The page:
When I moved up the average pro field was about 10-12 guys in oregon. It was very very hard to cash because you basically had to finish on the lead card. I went from being able to play mediocre and still cash in ADV to playing well and still missing cash by a stroke or two for my first year in PRO. But then with the skills I learned watching the other pros play I improved.

                    I think that you should choose a division based on how serious you are about your game. If you really want to play disc seriously and you've been playing long enough to have ownership over the basic throws in the game (turning right, turning left, throwing straight, approach shots and putting) then you should play pro, regardless of your rating!

                    The more players in the top division the more people who get to cash. The male and female winners in pro are really the only players who can say they won the tournament (even if some bagger in advanced scored better). I never won an oregon tournament in ADV but have won several in PRO (you don't learn how to win in PRO when you play in ADV). Disc golf is the only sport I've ever played where beginning players are upset when they don't win more prizes then their entry fee.

                    If I was in charge Ams would get sweet players packs (I would probably let people pick the discs so that they don't just get stuck with discs that they don't like) but not payout (but I would hand out trophies for everyone who cashed). When players were ready to play for big prizes they could move up to the Pro division. That way their would be no financial reward for sand bagging.

                    Comment


                    • #55
                      Originally posted by DexterHawk View Post
                      If I was in charge Ams would get sweet players packs (I would probably let people pick the discs so that they don't just get stuck with discs that they don't like) but not payout (but I would hand out trophies for everyone who cashed). When players were ready to play for big prizes they could move up to the Pro division. That way their would be no financial reward for sand bagging.
                      I loved your entire post and was in complete agreement until I got to this paragraph. I think this viewpoint assumes that people who are sandbagging do so strictly for monetary gain. I don't think that's the case. It seems more likely that a tender ego may be the culprit.

                      Comment


                      • #56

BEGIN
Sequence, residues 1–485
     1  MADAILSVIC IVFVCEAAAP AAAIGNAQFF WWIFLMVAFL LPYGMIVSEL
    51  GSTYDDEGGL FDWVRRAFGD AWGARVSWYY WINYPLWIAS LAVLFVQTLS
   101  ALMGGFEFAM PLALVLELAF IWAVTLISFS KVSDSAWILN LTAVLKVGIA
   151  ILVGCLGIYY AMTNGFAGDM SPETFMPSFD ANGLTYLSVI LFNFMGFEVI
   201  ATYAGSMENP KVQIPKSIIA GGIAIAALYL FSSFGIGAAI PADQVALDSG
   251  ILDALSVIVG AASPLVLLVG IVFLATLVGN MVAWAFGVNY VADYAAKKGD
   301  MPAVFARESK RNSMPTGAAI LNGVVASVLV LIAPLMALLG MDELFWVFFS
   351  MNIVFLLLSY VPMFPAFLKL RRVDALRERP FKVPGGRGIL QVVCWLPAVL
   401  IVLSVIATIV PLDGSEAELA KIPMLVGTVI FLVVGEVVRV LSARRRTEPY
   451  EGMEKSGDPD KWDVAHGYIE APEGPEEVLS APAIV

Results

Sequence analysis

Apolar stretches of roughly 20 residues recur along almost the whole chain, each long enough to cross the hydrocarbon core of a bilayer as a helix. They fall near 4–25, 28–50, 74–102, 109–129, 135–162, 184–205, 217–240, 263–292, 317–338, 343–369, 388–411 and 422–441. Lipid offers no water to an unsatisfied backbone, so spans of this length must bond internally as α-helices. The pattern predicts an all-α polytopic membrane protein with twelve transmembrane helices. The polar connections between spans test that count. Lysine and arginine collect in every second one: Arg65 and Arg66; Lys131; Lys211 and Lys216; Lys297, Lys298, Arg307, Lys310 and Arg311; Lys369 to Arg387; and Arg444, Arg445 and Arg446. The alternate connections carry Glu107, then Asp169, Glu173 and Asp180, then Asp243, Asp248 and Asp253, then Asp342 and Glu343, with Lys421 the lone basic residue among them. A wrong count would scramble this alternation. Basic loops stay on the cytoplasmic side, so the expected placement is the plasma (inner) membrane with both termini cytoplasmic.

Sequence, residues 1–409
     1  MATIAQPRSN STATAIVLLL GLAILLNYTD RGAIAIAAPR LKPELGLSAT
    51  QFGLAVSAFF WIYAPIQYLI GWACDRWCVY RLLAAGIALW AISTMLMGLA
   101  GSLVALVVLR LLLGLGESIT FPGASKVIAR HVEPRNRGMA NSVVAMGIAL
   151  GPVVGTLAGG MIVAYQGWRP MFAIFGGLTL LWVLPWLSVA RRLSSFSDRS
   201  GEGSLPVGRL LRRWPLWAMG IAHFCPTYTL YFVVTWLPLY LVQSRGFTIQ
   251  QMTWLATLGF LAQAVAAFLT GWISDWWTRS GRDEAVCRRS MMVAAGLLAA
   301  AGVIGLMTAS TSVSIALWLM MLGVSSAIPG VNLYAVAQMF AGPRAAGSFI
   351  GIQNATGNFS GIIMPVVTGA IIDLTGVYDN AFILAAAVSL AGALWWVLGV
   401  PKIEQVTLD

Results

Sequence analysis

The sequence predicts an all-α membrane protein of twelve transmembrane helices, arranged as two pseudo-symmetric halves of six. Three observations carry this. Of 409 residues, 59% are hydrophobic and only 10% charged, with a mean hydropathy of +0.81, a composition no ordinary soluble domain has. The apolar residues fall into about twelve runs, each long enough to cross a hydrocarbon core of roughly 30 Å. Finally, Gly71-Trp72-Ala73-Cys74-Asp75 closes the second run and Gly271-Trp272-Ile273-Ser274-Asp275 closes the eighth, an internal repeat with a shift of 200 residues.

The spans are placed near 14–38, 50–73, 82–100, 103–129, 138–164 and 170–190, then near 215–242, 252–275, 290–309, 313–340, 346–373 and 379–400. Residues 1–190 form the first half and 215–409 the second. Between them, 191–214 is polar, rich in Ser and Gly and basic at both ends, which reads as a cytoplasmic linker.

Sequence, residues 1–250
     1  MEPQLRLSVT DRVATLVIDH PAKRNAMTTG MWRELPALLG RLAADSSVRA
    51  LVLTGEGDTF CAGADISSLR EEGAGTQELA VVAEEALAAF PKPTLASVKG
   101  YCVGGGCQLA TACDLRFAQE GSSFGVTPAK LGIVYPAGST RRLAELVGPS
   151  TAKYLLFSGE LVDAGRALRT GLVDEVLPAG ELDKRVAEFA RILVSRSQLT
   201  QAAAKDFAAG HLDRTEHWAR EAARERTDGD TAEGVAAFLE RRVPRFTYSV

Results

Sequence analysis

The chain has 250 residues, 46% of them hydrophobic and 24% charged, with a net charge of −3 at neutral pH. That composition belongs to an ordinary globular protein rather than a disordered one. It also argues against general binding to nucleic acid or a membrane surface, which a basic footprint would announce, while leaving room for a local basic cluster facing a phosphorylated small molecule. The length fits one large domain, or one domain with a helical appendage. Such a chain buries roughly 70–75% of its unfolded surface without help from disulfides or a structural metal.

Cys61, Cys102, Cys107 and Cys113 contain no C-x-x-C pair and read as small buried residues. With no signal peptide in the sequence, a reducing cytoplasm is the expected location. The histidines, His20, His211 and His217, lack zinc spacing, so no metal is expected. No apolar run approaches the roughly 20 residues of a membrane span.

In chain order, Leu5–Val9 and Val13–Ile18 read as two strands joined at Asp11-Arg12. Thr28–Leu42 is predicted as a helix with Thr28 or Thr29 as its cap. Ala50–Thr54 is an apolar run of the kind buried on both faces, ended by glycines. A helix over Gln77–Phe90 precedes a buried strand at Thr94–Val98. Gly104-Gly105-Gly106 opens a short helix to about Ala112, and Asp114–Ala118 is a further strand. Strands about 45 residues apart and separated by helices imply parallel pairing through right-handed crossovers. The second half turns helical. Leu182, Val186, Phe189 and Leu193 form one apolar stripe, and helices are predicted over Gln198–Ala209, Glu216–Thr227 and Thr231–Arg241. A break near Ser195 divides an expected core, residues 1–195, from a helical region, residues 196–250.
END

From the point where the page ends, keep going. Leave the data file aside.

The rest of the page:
Originally posted by DexterHawk View Post
                        If I was in charge Ams would get sweet players packs (I would probably let people pick the discs so that they don't just get stuck with discs that they don't like) but not payout (but I would hand out trophies for everyone who cashed). When players were ready to play for big prizes they could move up to the Pro division. That way their would be no financial reward for sand bagging.
                        That is definitely a way to encourage people to move up, but I think that the same thing can be accomplished by limiting the size of the player pools. You know, actually offer all of the AM divisions at your event and make people play in the division for which their rating qualifies them to play. Instead of reserving 72 spots all for AM1 and have no other AM division that isn't protected by age or gender, actually offer the divisions as they are set out in the competition manual.
                        If your rating isn't 935+ then you do not get to play in MA1.
                        If your rating isn't 900-934 then you do not get to play in MA2.
                        If your rating isn't 850-899 then you do not get to play in MA3.
                        If every division was offered then the division sizes would have to be smaller. That in turn would lower the amount of swag that any one AM player will walk away with, even the vaunted MA1 winner. In fact I think that you will find that MA1 will not even be the largest AM field if you do not allow players in with ratings below 935.

                        Hath this whole world been mired in madness?
                        Remain ye men of faculty complete,
                        Of full arithmetic and prudence fair,
                        Attending to our noble bond and contract?